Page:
Marc-Andre Fleury had a talk with Martin Brodeur.
Not the ideal time to find out you just won your first Vezina Trophy.
“I was maybe not in the best mood that morning,” said the 36-year-old Fleury.
It’s not the giant silver trophy he’s hoisting, but it’s still a trophy that Fleury deserves just as much. The Golden Knights goaltender won his first Vezina on Tuesday, the award given to the top goalie in the NHL as voted by the 31 general managers.
Fleury received 14 of the 31 first-place votes and finished nine points ahead of Tampa Bay Lightning goalie Andrei Vasilevskiy.
“It’s such an honor, obviously just to still be playing right now,” Fleury said. “When you look at the list of guys who have won this trophy, I love watching and idolized watching them. It’s an honor to be amongst them.”
Fleury has dazzled and wowed spectators for 17 years. Throughout his journey to winning the Stanley Cup three times and to be the third winningest goalie in NHL history, the only thing that eluded Fleury’s storybook career was the league’s top distinction for netminders.
The odds seemed astronomical to win the Vezina when the Golden Knights picked Fleury in the 2017 expansion draft from the Pittsburgh Penguins. Fleury admitted he didn’t expect to win a lot. Fleury said he would’ve been skeptical if someone asked him four years ago if he’d win 100 games with the franchise. But he did it anyway.
Fleury has been the staple holding the winning Vegas culture for four years. There’s a case that he should’ve won the Vezina in Year 1 if not for that concussion against Detroit. But he was the man to lead the Golden Knights to the Stanley Cup Final in 2018 and has been the backbone through almost all of Vegas’ playoff runs to this point.
“It’s been such full of surprises; just from how much the fans are behind us, makes the game so fun to play in, the success our team has had since Day 1. The group of guys we do it with every year; the chemistry is awesome,” Fleury said. “I couldn’t have bet winning this or winning so many games in Vegas four years later, but it’s been fun, and an honor to get this trophy today.”
No matter who won any trophy, it was going to be deserved. That rings especially true for the Vezina. Between Fleury, Vasilevskiy and Colorado’s Philipp Grubauer, the three finalists combined for 118 starts in a condensed 56-game season. Fleury’s 36 was the fewest, but the Vezina was won when Robin Lehner missed a month with his concussion.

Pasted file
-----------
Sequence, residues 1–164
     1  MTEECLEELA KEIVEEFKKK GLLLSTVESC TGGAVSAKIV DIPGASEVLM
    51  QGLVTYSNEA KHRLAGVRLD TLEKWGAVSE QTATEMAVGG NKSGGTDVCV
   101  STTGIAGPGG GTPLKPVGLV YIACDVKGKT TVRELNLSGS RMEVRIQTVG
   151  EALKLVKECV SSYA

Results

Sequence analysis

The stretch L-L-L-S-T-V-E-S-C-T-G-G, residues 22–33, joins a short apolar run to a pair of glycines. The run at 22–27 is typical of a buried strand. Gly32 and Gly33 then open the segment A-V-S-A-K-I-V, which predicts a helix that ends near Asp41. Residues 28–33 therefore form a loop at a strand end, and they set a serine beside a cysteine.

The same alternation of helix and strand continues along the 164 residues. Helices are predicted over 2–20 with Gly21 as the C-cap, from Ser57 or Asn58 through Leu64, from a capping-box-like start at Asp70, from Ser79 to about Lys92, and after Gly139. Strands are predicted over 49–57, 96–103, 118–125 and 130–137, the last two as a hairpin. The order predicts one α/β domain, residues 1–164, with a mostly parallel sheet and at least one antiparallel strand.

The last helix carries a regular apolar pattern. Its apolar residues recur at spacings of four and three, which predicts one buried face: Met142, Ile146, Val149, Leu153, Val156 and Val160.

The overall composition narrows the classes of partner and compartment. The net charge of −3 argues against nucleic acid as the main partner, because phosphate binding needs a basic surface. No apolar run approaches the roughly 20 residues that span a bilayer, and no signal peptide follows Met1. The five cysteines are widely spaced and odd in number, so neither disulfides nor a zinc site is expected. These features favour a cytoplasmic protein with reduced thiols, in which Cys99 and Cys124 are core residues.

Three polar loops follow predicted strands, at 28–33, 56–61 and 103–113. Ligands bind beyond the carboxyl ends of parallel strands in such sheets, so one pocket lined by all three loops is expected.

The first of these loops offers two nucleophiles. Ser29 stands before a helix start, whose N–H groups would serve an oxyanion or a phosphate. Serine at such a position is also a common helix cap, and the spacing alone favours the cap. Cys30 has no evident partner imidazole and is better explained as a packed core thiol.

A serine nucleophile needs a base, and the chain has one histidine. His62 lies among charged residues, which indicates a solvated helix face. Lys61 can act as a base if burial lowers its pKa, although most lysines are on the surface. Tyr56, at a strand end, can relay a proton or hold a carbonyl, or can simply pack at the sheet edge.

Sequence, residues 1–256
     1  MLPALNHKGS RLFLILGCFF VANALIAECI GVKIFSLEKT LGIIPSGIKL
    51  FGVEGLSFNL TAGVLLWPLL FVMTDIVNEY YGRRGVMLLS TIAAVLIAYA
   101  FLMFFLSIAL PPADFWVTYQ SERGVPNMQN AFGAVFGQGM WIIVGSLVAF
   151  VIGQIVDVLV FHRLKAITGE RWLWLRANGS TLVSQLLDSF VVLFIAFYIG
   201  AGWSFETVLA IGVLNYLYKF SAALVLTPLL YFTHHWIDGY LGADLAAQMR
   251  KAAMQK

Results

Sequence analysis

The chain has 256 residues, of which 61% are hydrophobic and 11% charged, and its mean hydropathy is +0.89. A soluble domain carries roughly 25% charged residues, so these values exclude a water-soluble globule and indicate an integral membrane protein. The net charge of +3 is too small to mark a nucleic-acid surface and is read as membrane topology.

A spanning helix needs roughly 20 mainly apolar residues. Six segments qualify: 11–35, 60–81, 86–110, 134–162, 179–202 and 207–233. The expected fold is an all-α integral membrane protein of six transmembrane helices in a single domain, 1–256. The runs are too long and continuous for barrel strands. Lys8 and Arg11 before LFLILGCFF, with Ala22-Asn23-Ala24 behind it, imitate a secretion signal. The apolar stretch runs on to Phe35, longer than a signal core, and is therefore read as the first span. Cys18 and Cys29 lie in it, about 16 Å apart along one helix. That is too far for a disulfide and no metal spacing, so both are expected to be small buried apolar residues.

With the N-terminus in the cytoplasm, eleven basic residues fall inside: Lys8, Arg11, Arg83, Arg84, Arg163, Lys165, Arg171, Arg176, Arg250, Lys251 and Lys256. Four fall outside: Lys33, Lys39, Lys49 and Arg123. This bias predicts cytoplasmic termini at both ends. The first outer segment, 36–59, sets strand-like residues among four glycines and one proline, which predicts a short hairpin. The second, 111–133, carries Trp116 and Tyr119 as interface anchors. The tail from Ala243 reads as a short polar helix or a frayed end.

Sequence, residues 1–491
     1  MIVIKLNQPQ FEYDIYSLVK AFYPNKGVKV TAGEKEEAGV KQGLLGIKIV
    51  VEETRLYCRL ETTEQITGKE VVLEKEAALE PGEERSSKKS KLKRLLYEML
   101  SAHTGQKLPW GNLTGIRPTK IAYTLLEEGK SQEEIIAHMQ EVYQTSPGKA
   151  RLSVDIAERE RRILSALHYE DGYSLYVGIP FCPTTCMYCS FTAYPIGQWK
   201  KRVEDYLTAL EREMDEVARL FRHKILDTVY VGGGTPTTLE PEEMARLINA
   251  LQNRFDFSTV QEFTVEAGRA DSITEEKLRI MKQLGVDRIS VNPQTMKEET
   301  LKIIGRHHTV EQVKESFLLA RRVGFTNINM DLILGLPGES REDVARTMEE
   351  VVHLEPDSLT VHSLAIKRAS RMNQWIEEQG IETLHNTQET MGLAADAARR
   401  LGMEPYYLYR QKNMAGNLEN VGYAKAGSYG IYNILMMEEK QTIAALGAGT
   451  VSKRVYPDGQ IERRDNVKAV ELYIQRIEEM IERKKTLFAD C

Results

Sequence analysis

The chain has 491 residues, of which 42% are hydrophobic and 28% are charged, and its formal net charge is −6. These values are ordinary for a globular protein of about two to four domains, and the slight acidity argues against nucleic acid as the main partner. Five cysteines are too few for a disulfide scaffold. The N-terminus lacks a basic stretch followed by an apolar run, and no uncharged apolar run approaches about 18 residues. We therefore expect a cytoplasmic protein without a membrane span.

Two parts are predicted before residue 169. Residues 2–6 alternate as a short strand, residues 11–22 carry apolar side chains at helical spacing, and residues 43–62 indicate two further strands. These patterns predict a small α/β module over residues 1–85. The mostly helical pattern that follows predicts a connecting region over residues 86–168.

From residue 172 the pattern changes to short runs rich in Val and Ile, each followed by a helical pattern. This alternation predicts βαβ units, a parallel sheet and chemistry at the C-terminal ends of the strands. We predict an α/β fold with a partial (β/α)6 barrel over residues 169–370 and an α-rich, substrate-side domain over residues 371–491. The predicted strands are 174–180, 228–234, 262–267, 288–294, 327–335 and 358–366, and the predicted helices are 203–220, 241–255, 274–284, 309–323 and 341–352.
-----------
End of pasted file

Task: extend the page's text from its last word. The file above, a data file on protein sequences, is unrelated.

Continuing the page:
Fleury went 11-5-0 and started 16 of 17 with Lehner out from Feb. 11 - March 17. He recorded three shutouts, two of them against the Avalanche, and posted a .936 save percentage. It was this 34-day span where if hockey writers could vote, they should’ve put Fleury at the top of their ballot.
Despite losing five of his next seven starts upon Lehner’s return, Fleury ended the regular season on a nine-game winning streak.
To play goalie, during this crazy season, and to play as well as he did, you had to have an elite season. That stretch also helped he and Lehner to win the William M. Jennings Trophy after allowing a League-low 124 goals.
“It was a tougher season mentally, playing so many games,” Fleury said. “I was very lucky to have such a great relationship with Robin and to be able to support each other throughout the season, and get some rest too because Robin played a lot of games. That helps in such a condensed season. It’s good to always support each other, talking about goals, talking about plays.
“It doesn’t matter if it’s this year or another year, but I feel like it’s been tougher for most people around the world, and I just feel fortunate we were still able to play hockey and still do what we love. It’s nice to have this trophy.”
The decision to move on from Fleury was not an easy one for the Penguins. They probably wish Fleury was still in town, putting up numbers like this and winning a Vezina for them like they hoped he would when taking him No. 1 overall in 2003.
That same decision could face the Golden Knights. Fleury, who turns 37 in December, enters the final year of a three-year extension he signed with Vegas after Year 1. Not even he knows how much hockey he has left; owner Bill Foley has said on the record he wants Fleury to retire in Las Vegas.
It’s not often Vezina Trophy winners have clouded futures. That’s not deserved. But what is deserved is Fleury winning this award. For now, the focus goes toward that.
“I still feel like if I have fun playing, or if I don’t have fun playing, that’ll be it,” Fleury said. “If I can still help my team and enjoy what I do everyday, come to the rink have fun, have a smile, and be with the guys, that’s what’s going to dictate when I hang them up or keep playing.”